Mash-ups rule. They embrace all religions with harmony and everyone is free to practice their faith without restriction. The only thing they do not tolerate is any religion with violent intolerance. They've also blended communism with capitalism but with far greater freedom than China and with local representatives elected through open and ethical voting. Social Selling 3.0 is all about mash-ups, taking the best within your own meta-framework for selling.

Same, same, different. They know they need to differentiate and it's incredibly difficult in a market where everyone seems to be selling the same stuff. They do their best with how they sell rather than what they sell. This is another important ingredient for the best sellers in the west - focus on how you sell rather that what you sell. Leading with insight, building trust and creating value remain important for winning in competitive markets.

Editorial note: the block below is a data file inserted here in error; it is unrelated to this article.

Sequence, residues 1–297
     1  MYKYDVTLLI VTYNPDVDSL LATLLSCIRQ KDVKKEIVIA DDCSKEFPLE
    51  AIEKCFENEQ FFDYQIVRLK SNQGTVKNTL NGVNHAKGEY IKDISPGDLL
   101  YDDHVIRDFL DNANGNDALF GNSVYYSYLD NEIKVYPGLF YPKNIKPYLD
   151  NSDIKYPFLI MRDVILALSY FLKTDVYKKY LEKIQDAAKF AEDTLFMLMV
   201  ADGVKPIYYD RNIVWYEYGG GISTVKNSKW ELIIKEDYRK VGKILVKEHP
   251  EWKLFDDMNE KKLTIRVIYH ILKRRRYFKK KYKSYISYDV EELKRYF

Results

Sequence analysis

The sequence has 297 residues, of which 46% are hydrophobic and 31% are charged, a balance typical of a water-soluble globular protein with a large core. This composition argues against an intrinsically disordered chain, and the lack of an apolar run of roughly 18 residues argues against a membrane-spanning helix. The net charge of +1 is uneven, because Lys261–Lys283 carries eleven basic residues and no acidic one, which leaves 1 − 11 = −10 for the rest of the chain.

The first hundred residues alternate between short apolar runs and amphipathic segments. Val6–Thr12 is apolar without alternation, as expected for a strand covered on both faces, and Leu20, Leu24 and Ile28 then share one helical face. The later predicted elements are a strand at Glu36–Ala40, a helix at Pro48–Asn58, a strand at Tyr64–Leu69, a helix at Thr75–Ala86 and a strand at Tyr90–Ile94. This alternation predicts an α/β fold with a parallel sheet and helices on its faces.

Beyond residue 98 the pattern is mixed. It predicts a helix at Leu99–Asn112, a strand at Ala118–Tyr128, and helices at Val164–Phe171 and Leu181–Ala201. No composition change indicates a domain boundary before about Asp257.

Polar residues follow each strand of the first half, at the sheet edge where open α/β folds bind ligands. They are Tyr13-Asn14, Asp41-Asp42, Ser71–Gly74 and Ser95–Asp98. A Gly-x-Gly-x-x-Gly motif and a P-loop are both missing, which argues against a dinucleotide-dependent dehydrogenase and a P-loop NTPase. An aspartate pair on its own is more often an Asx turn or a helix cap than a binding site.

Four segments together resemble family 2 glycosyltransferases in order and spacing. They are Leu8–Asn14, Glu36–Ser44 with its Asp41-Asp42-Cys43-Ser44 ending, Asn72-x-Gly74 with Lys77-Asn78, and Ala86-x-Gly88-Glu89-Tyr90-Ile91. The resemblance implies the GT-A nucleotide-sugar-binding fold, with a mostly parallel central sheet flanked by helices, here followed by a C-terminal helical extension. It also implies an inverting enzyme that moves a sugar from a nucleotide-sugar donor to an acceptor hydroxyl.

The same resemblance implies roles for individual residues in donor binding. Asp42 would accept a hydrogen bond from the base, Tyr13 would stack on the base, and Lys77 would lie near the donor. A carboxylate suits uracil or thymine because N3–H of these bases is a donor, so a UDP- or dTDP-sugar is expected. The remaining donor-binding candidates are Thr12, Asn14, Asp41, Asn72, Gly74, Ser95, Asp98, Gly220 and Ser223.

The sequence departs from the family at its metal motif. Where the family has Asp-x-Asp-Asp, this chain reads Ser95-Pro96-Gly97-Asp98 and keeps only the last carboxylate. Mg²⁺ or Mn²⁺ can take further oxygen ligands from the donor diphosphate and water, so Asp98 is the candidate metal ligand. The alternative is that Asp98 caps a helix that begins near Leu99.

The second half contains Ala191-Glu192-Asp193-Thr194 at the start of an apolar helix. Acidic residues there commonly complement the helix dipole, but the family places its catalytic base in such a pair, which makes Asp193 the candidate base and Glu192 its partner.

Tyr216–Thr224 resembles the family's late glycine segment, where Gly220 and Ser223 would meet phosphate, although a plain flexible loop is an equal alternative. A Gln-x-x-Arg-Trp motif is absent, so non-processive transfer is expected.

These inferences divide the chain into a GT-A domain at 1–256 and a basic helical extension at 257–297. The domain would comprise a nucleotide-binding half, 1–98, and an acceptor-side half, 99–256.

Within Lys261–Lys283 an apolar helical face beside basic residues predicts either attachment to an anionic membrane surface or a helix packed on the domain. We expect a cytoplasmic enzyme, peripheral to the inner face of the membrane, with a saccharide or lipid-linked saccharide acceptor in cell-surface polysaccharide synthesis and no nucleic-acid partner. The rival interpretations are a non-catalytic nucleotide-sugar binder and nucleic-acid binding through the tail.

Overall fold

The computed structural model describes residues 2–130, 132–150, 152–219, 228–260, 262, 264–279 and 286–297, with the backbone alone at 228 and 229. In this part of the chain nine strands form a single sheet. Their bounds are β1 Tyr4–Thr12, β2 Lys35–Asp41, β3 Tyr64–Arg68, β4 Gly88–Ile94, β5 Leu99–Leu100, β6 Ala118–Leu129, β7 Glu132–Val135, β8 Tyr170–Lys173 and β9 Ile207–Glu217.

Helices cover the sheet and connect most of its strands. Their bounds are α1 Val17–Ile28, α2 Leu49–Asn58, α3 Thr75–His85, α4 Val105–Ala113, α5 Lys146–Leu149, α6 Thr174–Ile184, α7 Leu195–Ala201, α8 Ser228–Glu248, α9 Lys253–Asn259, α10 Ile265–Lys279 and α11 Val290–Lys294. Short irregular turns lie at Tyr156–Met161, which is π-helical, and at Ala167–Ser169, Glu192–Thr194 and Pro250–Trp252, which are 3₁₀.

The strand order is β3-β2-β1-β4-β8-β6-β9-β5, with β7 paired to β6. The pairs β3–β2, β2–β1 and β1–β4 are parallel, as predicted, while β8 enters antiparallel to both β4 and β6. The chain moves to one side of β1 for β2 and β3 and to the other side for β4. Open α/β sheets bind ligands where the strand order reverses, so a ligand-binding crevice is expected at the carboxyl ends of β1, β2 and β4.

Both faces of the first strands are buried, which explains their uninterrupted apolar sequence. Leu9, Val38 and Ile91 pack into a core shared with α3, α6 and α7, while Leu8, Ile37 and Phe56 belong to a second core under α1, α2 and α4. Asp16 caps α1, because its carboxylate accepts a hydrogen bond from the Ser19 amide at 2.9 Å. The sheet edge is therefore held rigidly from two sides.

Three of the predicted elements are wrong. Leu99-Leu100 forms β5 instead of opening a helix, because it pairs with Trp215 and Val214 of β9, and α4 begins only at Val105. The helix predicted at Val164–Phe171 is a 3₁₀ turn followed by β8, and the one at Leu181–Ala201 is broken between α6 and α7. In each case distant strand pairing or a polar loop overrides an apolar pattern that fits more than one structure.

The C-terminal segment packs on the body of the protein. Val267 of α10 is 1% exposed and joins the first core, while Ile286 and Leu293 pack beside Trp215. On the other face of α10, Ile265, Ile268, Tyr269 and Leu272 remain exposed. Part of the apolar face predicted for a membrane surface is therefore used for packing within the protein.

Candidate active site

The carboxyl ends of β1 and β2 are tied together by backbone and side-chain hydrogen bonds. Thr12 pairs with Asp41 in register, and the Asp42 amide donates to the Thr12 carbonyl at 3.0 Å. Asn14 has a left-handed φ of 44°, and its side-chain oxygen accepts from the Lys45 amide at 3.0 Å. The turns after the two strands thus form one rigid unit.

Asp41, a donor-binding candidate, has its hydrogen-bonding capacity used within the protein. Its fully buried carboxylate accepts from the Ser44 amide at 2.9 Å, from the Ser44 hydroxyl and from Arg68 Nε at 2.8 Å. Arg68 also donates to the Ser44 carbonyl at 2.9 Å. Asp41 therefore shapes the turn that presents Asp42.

Build a relationship. Vietnam is filled with push sellers. Everywhere you go you are confronted or coerced. The smartest sellers however engage you in conversation to build rapport. Relationships are the basis of all sales success - we buy from those we like and trust.

Provide value. On several occasions people started offering assistance with directions and provide helpful advice. You feel obligated to buy something when they've helped you. In Social Selling 3.0, quality content is king, queen, president and prime minister. Provide insight and helpful information; be a thought leader and people will come to you. At the very least they will respond to your approach once they've done their homework on you.

Genuine service. A genuine smile and sincere friendliness goes a long way and in Vietnam a tip is usually not expected. Be wholeheartedly generous of spirit in how you serve others - they will notice and show their appreciation.